Other functionalities include monitoring clinker temperatures at the hot end of the process inside the kiln. In this application, an infrared sensor ‘looks’ into the hot part of the kiln end through a viewing port and monitors clinker temperature. The data is displayed on the same screen as the kiln shell imagery, allowing operators to monitor both steps of the process simultaneously.
Some systems, such as the CS400 System, also offer advanced capabilities that will monitor the condition of the brick and report on refractory wear. These software features also include a module database that can store and analyse all necessary data from (at least) the last year to indicate refractory wear during use, enabling engineers to schedule refractory repairs.
While these systems are useful, it is critical that the data entered into the programme by operators is accurate. Because all installations are inherently different, wear rates will also differ; therefore, making generalised predictions on the wear rate of any given material will inevitably lead to installations where the brick simply will not last as long as the system predicts.
One additional development in improving kiln life still utilises kiln monitoring systems, but not temperature measurement. Typically, kilns are driven from one end – which, due to their extensive size and mass, makes homogenous rotation extremely challenging. During this process, and particularly during speed changes, there is a tendency for some of the rotational energy to cause the kiln’s live-rings (or tire slips) to torque (or twist) instead of rotate.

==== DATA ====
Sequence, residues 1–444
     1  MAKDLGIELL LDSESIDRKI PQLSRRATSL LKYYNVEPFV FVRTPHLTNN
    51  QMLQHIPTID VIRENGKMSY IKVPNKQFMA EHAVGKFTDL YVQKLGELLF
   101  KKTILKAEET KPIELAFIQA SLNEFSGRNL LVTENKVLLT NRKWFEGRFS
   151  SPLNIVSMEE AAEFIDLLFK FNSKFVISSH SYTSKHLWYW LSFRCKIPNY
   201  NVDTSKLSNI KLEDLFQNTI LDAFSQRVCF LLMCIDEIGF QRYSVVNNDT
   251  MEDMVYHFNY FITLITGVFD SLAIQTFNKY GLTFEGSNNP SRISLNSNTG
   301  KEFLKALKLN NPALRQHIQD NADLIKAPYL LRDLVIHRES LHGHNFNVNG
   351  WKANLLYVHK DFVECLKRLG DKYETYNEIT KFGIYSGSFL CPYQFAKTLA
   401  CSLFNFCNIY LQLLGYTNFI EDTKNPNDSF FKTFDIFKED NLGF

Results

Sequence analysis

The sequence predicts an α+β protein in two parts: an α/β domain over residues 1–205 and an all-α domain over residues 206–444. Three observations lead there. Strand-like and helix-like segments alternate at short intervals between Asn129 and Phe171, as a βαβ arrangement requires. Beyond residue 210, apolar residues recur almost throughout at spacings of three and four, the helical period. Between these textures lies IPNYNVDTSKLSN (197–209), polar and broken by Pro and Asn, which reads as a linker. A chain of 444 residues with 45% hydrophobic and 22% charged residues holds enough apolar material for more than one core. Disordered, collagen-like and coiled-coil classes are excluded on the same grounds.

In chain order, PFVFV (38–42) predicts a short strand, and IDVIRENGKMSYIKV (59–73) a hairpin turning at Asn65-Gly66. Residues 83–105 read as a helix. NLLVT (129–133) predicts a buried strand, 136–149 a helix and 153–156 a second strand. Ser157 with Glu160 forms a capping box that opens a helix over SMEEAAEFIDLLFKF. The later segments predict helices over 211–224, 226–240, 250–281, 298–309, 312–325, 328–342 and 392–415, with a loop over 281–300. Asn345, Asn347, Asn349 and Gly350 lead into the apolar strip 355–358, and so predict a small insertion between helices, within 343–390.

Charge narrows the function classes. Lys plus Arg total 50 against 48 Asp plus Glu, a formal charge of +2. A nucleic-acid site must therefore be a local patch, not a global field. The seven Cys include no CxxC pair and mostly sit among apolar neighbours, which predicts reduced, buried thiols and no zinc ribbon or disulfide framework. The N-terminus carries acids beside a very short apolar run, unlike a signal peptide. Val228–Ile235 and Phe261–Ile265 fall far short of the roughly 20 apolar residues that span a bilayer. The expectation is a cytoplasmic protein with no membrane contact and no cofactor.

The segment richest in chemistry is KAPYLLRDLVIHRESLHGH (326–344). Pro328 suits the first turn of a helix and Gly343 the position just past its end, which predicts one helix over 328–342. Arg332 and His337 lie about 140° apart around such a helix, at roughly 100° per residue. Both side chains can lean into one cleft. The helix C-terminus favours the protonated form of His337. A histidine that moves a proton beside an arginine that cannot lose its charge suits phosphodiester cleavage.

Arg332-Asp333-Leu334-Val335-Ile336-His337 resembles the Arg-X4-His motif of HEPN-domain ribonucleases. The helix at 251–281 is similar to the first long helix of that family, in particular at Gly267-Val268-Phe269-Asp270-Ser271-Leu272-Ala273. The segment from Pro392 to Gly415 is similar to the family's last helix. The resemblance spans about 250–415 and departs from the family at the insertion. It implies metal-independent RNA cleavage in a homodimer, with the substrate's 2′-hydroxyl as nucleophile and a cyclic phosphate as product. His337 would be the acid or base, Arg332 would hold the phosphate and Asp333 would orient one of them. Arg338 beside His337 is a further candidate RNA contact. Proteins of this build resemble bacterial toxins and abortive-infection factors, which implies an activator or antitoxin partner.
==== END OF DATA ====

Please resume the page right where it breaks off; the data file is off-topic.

A small amount of torque is not necessarily a problem for the live-rings, however, too much will cause damage to the fragile refractory material. In typical kiln monitoring systems, pyrometers are used to measure each live-ring rotation and trigger the display of each subsequent image of the kiln.
If multiple sensors are installed, the rotational speed of several points along the length of the kiln can be monitored – and if the rotational speed varies along the length, this can be indicative that a twist is occurring, allowing engineers to make corrections before serious damage occurs.
The purpose of monitoring kiln shells with an infrared scanning system is to monitor and report on the overall condition of the refractory materials lining the kiln. Most programmes available today offer some degree of refractory management and viewing this information alongside temperature data provides the information operators need to determine how to modify kiln settings to maximise refractory life or when to schedule downtime to replace bricks.
Infrared temperature scanning systems have shown their usefulness in cement plants across the globe and modern systems are adding even more functionality, making them an essential part of any cement professional’s toolkit.
About the author
Dr. Martin Budweg is a Senior Product Marketing Manager at Fluke Process Instruments, where he is responsible for designing and developing IR temperature measurement products for a variety of industrial applications. Prior to joining Fluke, he worked in the chipset technology industry as a Project and Product Manager. Dr. Budweg studied Geophysics and Astrophysics and holds a PhD in Geophysics and Seismology.